Although this looks good, this is not keeping Jesus central. Keeping Jesus central means he is number 1 in everything, not simply number 1 on a list of other priorities.  He is the priority! He is number 1 in our families, our jobs, our hobbies…etc. So when it comes to Christmas, it is no different. Many people keep Jesus first during Christmas, but have not yet allowed him to become central. For example, we may read the Christmas story from the gospel of Luke before we open presents on Christmas morning. But then little is said of Jesus for the rest of the day.

 

Jesus in everything

When Jesus is central to our Christmas, we see Jesus in everything. Everything we do or open points us to Jesus. The lights on the tree point us to Jesus as the light of the world. The green Christmas tree is a symbol of life that points us to Jesus being the one who gives us true life. The food we eat gives us satisfaction but ultimately points to the one who ultimately satisfies our souls, Jesus Christ. The gifts under the tree point us to Jesus as our ultimate gift given to us because God loves us so much. All other gifts will get old and go into the garbage one day, but the gift God has given us in Jesus will last forever.

For more examples of how to point your kids to Jesus using Christmas symbols, please click the image below to purchase “My Merry Christmas.” You can download the Kindle version for only $3.03 and use it tonight!

 

 

Making it Practical

Is your home Christ-centered this Christmas?  Are there some small adjustments you can make in order to allow Jesus to be central to your Christmas?  Perhaps before you open presents this year you will remind everyone of the true gift of Jesus Christ. Maybe when you are around your Christmas tree or looking at Christmas lights, you will remind your children that the lights represent Jesus being the light and he empowers us to be his light in such a dark world. None of this takes prep time, it only takes a commitment to be faithful in pointing your kids to Jesus.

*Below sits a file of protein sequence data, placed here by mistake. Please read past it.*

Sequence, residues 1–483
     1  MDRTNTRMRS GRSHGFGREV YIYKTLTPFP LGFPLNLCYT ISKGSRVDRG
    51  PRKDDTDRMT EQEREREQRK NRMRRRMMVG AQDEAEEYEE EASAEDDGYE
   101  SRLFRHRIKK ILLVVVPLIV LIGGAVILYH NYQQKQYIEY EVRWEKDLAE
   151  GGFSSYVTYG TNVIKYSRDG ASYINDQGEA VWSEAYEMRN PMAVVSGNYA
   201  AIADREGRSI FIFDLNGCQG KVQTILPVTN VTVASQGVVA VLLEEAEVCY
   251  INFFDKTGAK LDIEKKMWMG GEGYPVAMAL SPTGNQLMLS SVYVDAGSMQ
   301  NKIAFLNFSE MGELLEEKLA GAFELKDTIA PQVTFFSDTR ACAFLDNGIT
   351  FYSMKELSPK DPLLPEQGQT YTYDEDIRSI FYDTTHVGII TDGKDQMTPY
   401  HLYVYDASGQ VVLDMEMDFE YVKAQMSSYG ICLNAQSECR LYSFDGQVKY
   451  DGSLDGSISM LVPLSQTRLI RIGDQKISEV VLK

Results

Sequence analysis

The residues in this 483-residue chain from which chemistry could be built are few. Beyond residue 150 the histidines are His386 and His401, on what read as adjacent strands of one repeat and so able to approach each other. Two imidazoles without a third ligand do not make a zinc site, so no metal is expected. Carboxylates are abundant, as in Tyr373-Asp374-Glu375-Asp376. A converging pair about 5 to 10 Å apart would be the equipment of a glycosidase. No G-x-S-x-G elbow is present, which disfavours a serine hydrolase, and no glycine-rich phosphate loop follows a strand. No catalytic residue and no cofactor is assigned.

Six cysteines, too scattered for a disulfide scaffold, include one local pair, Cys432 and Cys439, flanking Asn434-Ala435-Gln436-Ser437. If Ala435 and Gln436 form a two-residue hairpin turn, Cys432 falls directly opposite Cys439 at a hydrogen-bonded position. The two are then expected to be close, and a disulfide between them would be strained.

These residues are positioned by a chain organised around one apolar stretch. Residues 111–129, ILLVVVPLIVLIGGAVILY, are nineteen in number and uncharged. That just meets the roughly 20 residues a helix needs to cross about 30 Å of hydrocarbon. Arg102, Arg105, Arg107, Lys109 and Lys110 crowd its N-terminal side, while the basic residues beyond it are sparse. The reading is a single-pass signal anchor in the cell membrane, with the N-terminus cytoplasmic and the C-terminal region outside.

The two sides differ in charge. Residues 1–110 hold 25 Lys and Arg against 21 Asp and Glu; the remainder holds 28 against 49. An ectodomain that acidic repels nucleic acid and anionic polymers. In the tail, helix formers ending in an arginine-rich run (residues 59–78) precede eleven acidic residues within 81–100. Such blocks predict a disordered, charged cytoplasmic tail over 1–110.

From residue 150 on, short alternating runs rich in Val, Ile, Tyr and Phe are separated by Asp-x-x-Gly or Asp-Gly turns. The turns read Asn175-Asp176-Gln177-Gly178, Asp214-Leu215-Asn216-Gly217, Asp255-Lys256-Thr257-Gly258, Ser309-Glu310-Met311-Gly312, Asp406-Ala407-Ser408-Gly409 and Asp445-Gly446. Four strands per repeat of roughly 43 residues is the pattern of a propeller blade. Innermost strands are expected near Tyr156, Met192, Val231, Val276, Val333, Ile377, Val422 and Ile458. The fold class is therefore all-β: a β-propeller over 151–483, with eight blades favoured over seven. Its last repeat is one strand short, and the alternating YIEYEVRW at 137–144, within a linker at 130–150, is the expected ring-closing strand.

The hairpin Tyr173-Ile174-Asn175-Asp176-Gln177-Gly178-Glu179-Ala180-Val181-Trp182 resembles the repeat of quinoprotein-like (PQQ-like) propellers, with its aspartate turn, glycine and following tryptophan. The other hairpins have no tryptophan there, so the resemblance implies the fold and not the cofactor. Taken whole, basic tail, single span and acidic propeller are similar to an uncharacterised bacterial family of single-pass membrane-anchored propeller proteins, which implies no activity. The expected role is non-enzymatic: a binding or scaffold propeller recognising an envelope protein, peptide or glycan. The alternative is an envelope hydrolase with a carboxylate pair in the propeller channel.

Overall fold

God will use you!

I can almost guarantee you this will be awkward at first, but I promise God will bless your faithfulness as parents and empower you to do this.  He is not reluctant to work through you. He wants your home to be Christ-centered more than you do! So step out in faith and watch God go to work.  Think of the conversations you can have with your kids. Think of the legacy you can pass down to them when they have kids of their own. More than that, think of the impact you will have on God’s Kingdom as you point them to their Savior, Jesus Christ.

Merry Christ(centered)mas!

 

Jeremy

 

5 Books That Have Impacted My Christian Walk

5 Books That Have Impacted My Christian Walk

I have been serving in ministry for 10 years.  Throughout that time there have been a number of books that have been incredibly valuable to me and have shaped my ministry beyond what I could tell you.  During these 10 years I have served in a number of christian traditions and theological stances that I think you will find evident in the books I have chosen.  That is, if you are a theology nerd.  The truth is, I haven’t quite figured everything out!  As a result, I continue to try to read a wide scope of authors who I believe fall within Christian orthodoxy. Regardless of your church background, I know these books will be a blessing to you.

1. The Case for Christ by Lee Strobel

As a young man in college, I was constantly finding myself in situations where I needed to defend my faith.  I remember hearing all kinds of things about Jesus, the Bible, and Christianity that made me question my faith.  In this book, Lee Strobel writes in plain language as he asks tough questions to some of the worlds most influential and well known scholars.  I’ll never forget the first time I read through the gruesome details of a Roman crucifixion, and the overwhelming evidence supporting the resurrection of Jesus.

2. The Soul Winner by Charles Haddon Spurgeon